1 of 'most toxic' opioids has been detected in N.W.T., government warns

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A sample of the toxic drug carfentanil found in Ontario. Territorial officials said studies have shown it can be 10,000 times more toxic than morphine, 4,000 times more potent than heroin and 100 times more toxic than fentanyl. (Durham Regional Police Service - image credit)
A sample of the toxic drug carfentanil found in Ontario. Territorial officials said studies have shown it can be 10,000 times more toxic than morphine, 4,000 times more potent than heroin and 100 times more toxic than fentanyl. (Durham Regional Police Service - image credit)

Carfentanil has been detected in Hay River, N.W.T., says the territory's chief public health officer.

The illicit, and sometimes lethal, drug is one of the "most toxic" opioids, according to a news release Friday from the department of Health and Social Services. Carfentanil has been traditionally used as a tranquilizer for large animals.

Territorial officials said studies have shown it can be 10,000 times more toxic than morphine, 4,000 times more potent than heroin and 100 times more toxic than fentanyl.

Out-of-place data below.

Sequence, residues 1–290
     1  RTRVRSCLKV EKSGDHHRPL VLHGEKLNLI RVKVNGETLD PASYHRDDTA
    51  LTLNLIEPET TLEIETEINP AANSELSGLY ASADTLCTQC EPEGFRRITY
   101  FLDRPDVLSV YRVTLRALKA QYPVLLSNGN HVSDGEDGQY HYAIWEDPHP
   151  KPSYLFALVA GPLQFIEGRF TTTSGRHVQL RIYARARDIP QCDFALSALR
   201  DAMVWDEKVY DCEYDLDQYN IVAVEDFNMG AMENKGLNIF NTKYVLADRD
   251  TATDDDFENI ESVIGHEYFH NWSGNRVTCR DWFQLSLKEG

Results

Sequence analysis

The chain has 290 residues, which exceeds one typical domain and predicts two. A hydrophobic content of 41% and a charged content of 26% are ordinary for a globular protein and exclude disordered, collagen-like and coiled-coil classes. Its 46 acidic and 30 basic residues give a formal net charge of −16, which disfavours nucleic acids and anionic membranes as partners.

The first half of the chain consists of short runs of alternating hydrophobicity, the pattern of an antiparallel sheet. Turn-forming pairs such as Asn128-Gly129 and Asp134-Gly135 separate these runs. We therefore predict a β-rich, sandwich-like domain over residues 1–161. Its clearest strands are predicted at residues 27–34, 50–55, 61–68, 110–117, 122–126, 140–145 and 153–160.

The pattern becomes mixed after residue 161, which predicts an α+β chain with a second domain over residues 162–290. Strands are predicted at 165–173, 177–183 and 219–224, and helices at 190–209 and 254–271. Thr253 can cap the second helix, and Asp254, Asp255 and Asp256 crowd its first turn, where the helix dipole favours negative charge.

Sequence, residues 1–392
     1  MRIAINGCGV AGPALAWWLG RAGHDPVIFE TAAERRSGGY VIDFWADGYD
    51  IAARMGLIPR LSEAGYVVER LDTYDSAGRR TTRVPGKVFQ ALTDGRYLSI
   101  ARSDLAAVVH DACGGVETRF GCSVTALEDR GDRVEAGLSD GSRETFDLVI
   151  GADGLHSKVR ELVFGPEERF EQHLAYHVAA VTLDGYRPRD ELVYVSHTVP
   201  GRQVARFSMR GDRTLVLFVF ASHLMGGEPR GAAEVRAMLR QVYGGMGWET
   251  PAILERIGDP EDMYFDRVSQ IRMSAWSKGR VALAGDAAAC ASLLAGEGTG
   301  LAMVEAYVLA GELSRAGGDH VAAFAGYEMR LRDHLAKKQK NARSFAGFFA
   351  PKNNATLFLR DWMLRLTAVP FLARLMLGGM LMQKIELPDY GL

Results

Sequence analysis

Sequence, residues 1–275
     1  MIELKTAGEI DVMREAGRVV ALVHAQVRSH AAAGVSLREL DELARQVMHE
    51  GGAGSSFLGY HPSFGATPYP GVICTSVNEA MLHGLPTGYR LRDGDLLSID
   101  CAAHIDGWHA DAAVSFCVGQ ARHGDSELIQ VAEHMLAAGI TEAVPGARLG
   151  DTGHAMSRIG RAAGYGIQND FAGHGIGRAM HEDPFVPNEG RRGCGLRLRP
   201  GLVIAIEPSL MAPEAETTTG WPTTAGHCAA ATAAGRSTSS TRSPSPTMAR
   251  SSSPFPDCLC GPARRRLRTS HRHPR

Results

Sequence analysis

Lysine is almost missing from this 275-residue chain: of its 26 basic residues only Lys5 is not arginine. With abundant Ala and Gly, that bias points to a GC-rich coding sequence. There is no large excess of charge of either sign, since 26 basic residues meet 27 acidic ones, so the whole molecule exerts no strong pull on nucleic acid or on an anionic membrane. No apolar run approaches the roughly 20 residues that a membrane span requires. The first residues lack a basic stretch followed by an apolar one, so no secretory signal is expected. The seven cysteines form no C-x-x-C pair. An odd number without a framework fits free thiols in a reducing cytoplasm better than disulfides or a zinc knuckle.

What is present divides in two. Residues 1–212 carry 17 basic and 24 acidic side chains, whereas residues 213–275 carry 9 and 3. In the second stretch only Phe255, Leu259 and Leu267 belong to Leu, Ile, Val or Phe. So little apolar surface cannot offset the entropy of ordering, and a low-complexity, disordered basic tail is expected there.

"The detection of this drug in the N.W.T. is very concerning for all communities," said Dr. Kami Kandola, the chief public health officer, in a statement.

"All those who use, provide, or are part of the response to illicit drug use in N.W.T., including experienced users, should be aware that carfentanil is present in N.W.T. drugs."

Carfentanil can also cause "immediate" and "unexpected" overdose, even among people with high drug tolerance, officials said. To reverse the effects of carfentanil, more than one dose of naloxone could be needed, the release said.

The territory says those involved in an overdose are protected by the Good Samaritan Drug Overdose Act from being charged for possession of a controlled substance. This is to encourage people to call for help if they witness or experience an overdose.

The territory warns that any form of handling the drug, including touching, ingesting or inhaling even small amounts, could be fatal.

Signs someone may be overdosing include slow or absent breathing, lips and nails are blue, lack of movement, choking, gurgling or snoring sounds, severe sleepiness and skin that feels cold and clammy.

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